View Full Version : machining pulley sheaves

06-11-2012, 11:55 PM
How are pulley sheaves typically machined on a lathe?
I am actually trying to make a set of 2" diameter bending dies for 5/8" OD SS tubing, so each "sheave" would actually only be turned to a depth of half radius.

Dave A.

06-12-2012, 12:10 AM
I've made sheaves in aluminum with radiused bottoms by plunging a standard parting tool almost to depth, then following it with a tool ground to the desired radius. The ones I made had a 1/4" radius, and I made the initial cut with an 1/8" wide parting tool. Worked for me, YMMV.

06-12-2012, 12:21 AM
For most belts the bottom doesn't have to be "radiused"; the belt doesn't ride on the bottom.

Rough it out, then just figure the two angles and cut the sides with the compound. A small boring bar works well.

Edit... hmmm... I see you don't want to make a pulley! Rough it out, then make a "form tool" from HSS for the final cuts. Big radius and plunge cutting in steel usually mean chatter unless you keep it all very rigid.

06-12-2012, 04:39 AM
I think the OP has one of these in mind:


For something like this?:


06-12-2012, 06:58 AM
Rough out the part on the lathe, then put it on the rotary table, and finish the shape with a 5/8" end mill. Looks sorta like this on the mill:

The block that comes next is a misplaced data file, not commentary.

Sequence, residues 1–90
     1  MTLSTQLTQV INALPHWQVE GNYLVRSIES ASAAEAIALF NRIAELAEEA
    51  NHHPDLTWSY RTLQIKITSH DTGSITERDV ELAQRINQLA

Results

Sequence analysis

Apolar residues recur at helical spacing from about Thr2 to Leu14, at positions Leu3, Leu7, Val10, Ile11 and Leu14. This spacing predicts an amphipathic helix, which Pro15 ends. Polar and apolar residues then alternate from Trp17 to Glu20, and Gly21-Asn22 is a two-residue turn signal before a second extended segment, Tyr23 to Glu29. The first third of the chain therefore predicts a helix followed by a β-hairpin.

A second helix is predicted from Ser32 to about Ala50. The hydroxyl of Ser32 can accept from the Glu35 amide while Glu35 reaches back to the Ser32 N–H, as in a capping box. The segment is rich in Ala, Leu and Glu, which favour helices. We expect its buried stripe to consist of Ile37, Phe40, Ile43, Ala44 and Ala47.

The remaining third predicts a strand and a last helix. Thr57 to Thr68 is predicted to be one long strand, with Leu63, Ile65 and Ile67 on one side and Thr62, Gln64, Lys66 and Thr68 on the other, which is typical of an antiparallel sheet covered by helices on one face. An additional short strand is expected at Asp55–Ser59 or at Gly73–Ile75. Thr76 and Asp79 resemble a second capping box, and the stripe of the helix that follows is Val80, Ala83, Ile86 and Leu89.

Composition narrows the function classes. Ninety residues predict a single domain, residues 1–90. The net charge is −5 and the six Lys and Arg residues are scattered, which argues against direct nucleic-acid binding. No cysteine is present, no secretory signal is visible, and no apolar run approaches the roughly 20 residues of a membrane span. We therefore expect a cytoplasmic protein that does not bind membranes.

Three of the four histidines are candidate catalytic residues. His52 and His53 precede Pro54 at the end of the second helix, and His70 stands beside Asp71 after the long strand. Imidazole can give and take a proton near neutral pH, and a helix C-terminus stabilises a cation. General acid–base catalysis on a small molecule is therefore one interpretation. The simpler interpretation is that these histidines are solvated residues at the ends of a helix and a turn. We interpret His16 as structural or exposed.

06-12-2012, 08:39 AM
Rough out the part on the lathe, then put it on the rotary table, and finish the shape with a 5/8" end mill.
Interesting approach, I like it!

06-12-2012, 10:13 AM
Marv Klotz's programs can be used to get a set of X-Y coordinates to rough it out with a cutoff tool. Or the same could be generated with a spreadsheet or CAD program.

Finishing could also be done with 5/8" drill rod, hardened on the face and used as a tangential tool. Setup permitting, that could mean putting the rod in the boring bar holder, rotating it to be transverse to the ways and then hoisting it up the holder to the "over the top" position.

06-12-2012, 10:25 AM
I like the idea of using a H/V rotary table and a 5/8" endmill but I'd do the whole job with it.

If you want a quick/dirty way of making a bend or two, turn a piece of 5/8" plate to your desired bend ID. Now you have a hockey puck that should just touch the inside of your bend, right? Open the mill vise a tad over 5/8" and drop your tube into the mill vise. Drop the puck on top and tighten the vise. Now the whole bending situation is 5/8" wide no wider. Bend your tube.
The mill vise jaws will keep the tube from going oval or kinking sideways.

Never done this but read about it here, always wanted to try it.


06-12-2012, 12:15 PM
Thanks for the replies. I was afraid there is no easy way.

I am limited in the tools that I have available and it looks like I may have to be creative. The mill portion of my 3 in 1 is not very robust.

I found one shop that had a tubing bender and they bent some material I had but it simply flattened and I suspect they tried to use a pipe bender instead. (They wouldn't let me look at their equipment.)

A pipe bender applies force in only three areas whereas a tubing bender uses a mandrel to apply force all the way around the bend.
It allows for the tubing to be curved or "bent" without distortion.

I can't find anyone who can do 5/8" tubing, so I may have to make something to do a "one-off" bend.

Dave A.